A while back a story was related to me about a someone a friend of ours knew who was in the market for a new car. It seems her old Ford van had been giving her nothing but trouble; always in the shop for expensive repairs. This woman perused Consumer Reports discovering that the Toyota van received high ratings for safety, fuel economy and dependability. But before making her decision, she asked a friend who, unexpectedly, strongly discouraged her, saying: “Oh my, I’ve heard the Toyota’s are nothing but trouble; I know someone who owns one and they hate it”.
So, even after all the trouble she had experienced with her Ford, purchased another Ford van instead of the Toyota.
This is the power of the testimonial and it influences our decision making both above and below the conscious level. We see it in every aspect of our lives, from deciding whether to purchase a lottery ticket to selecting a life partner. Though often mountains of objective data may be available to us, we quite often come to our decisions by emotional reasons – and often, based heavily on the power of testimonials.
We like to think of ourselves as informed, astute consumers; that our choices are rational and well thought out. But even after balancing pros and cons, the fact remains that we generally adhere closely to products or concepts that are familiar to us. For example, marketing research substantiates that customers overwhelmingly prefer Tylenol brand pain reliever over its exact chemical equivalent, generic Acetaminophen. Even in accepting the fact that the generic costs significantly less, the Tylenol brand is more often perceived as “better”.
As I pointed out in my review of Barry Schwartz's book, “The Paradox of Choice”, decision making can create stress for us. We struggle on various levels with the possibility of making an incorrect decision. Psychologists even have a term for how we deal with the conflicts of decision making: Cognitive Dissonance. Even after we have decided, a whole set of psychological processes come into play which we use to justify in our minds that the decision we have come to was the right one. Our motivation to quell the dissonance wherever possible can be very strong.
Because testimonials are so powerful in our decision making process, we frequently seek out the opinions of people we like and trust. An entire industry, advertising and sales, has been developed to prod our decision making and making us feel good about parting with our hard earned money. More often than not, emotions, not rationality, are what carry the decision.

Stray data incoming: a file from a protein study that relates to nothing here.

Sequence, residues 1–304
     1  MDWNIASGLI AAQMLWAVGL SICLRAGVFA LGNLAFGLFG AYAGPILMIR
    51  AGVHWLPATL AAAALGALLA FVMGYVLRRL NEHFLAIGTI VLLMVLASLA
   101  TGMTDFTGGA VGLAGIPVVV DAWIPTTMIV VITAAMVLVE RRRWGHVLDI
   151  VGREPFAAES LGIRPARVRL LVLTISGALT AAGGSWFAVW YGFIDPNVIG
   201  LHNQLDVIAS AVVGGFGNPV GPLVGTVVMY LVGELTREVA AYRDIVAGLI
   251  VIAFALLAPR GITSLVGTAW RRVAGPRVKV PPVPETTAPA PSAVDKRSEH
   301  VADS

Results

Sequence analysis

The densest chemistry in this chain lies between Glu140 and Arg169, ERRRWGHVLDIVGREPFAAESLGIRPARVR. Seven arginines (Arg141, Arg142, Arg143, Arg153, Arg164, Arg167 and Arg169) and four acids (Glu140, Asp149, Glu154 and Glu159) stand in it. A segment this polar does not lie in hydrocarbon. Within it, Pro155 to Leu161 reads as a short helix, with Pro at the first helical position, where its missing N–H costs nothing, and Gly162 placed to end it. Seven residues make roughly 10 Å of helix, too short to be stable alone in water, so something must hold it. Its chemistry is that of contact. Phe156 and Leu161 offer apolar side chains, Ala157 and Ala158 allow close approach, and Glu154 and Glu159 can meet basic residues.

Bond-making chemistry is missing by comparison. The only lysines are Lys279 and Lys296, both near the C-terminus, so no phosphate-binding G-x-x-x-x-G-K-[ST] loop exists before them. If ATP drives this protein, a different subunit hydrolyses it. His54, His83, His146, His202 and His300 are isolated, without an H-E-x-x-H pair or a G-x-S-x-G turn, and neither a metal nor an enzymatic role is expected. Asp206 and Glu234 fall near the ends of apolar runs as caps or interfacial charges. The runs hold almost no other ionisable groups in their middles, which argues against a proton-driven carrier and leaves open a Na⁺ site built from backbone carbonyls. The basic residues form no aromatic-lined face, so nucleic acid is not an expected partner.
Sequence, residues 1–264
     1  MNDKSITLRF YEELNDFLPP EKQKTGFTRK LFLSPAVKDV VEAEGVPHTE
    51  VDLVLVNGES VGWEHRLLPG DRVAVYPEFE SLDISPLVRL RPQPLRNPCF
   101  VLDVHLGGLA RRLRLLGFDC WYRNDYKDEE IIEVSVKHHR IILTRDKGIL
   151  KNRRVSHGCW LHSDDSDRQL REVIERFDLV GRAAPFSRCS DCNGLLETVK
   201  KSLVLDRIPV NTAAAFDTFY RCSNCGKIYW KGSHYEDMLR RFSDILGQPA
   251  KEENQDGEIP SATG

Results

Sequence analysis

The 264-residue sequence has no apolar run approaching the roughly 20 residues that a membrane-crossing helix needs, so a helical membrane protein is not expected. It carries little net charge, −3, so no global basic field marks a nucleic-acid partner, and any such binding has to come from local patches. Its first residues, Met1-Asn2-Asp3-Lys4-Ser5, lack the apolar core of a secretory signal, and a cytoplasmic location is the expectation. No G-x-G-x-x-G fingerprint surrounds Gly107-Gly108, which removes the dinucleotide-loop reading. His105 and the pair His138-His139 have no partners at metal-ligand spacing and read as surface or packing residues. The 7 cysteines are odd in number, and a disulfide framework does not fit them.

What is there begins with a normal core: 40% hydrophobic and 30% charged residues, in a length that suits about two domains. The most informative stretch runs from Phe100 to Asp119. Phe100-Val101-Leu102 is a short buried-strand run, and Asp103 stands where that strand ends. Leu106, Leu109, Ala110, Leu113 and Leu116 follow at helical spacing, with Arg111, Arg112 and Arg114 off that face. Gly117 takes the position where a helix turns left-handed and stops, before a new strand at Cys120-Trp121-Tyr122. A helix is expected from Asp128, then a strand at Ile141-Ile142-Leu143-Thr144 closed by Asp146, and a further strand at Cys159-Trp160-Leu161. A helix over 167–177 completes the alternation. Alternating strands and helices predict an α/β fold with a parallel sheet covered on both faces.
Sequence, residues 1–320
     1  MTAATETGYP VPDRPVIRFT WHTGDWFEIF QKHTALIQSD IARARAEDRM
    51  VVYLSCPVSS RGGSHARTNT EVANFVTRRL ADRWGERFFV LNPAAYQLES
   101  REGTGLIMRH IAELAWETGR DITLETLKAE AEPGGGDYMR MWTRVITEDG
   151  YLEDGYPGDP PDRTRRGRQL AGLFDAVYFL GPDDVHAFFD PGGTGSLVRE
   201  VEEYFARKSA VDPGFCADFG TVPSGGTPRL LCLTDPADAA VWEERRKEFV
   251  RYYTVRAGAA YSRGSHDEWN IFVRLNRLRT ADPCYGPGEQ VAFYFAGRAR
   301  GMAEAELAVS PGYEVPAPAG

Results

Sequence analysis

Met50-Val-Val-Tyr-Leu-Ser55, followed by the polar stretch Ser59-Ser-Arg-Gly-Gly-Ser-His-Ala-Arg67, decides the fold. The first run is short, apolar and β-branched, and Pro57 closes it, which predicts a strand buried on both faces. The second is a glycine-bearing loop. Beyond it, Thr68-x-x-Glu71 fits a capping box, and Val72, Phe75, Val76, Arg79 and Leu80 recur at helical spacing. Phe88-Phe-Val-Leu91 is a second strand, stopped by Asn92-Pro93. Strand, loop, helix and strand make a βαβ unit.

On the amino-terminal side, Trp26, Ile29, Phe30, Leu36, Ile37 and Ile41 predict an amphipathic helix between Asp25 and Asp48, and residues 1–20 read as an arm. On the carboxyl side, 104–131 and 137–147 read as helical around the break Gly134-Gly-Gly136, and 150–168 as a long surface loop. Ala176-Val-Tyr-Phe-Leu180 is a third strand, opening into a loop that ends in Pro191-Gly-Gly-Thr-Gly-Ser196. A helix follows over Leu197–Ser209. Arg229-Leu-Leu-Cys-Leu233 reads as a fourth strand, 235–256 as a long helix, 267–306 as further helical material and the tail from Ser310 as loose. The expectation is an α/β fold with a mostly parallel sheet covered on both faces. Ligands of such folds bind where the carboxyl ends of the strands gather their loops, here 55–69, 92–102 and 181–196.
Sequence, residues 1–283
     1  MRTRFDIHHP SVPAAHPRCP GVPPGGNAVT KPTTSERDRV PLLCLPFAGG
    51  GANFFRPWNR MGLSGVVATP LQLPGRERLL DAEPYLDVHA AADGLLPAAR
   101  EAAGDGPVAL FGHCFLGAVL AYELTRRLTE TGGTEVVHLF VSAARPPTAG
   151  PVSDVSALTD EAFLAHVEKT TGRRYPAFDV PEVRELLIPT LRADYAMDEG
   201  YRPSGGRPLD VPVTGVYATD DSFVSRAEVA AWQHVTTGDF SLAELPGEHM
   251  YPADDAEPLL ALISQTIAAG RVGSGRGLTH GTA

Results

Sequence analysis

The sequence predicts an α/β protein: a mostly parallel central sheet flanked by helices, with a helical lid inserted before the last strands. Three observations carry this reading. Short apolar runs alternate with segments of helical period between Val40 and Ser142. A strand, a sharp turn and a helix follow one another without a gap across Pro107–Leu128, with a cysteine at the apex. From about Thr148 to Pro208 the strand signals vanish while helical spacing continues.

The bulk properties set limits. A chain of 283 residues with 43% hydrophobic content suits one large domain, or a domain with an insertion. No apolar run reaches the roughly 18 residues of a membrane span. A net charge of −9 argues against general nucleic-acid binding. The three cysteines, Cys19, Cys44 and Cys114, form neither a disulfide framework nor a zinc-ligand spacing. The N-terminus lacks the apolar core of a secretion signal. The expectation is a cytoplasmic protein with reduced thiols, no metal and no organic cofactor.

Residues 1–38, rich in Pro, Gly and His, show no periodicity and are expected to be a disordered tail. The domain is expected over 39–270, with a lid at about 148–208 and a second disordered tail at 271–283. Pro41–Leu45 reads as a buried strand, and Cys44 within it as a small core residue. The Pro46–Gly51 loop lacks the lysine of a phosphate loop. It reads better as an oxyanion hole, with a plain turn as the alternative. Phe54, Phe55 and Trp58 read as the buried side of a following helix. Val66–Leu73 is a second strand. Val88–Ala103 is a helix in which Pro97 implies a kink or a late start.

The power of testimonials often comes to the forefront during our elections process. We tend to associate with people who act and think similarly to us. In recalling the most recent elections, how little political advertising contained any comparative statistics to support the assertions of one view over another. Where scant statistical comparisons provided, did we discount the “facts” from the candidate or position we opposed yet accept them from the candidate we already supported? It is more likely the case that political advertising serves to support the decision we had already made than change our view dramatically.
I recently attended another debate between a theologian and an Atheist; the topic of question; whether or not there exist life after death. From the theologian’s standpoint, the accounts of people who have experienced visions and feelings from Near Death Experiences (NDE) formed the basis of his position that there must be life after death. Many of these testimonials are quite compelling when viewed individually. But they remain personal anecdotes, experiences beyond our own and which likely have other origins that can be explained through medical and scientific causes. In decisions such as these, often the only basis on which we are able to decided relies entirely on faith alone.
The fact remains that our brains often are not very adept at separating objective analytical data from our perceptions, our expectations from the broader ramifications we hope will come from those decisions – specifically, how we will “feel” about the choices we make. Whether we notice or not, we rely on testimonials which are abundantly available to us.
After all, can 20,697 physicians be wrong?